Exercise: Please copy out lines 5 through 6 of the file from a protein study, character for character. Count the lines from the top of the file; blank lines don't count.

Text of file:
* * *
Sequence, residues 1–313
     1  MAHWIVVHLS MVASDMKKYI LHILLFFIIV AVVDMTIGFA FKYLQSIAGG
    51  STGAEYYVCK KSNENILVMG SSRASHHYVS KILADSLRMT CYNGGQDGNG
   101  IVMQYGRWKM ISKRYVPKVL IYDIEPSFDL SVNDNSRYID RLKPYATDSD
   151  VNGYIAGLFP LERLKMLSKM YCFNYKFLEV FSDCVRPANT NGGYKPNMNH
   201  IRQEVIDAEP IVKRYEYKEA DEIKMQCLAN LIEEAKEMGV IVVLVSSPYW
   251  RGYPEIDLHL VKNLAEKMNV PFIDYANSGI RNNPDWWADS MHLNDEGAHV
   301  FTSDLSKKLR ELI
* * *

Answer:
   151  VNGYIAGLFP LERLKMLSKM YCFNYKFLEV FSDCVRPANT NGGYKPNMNH
   201  IRQEVIDAEP IVKRYEYKEA DEIKMQCLAN LIEEAKEMGV IVVLVSSPYW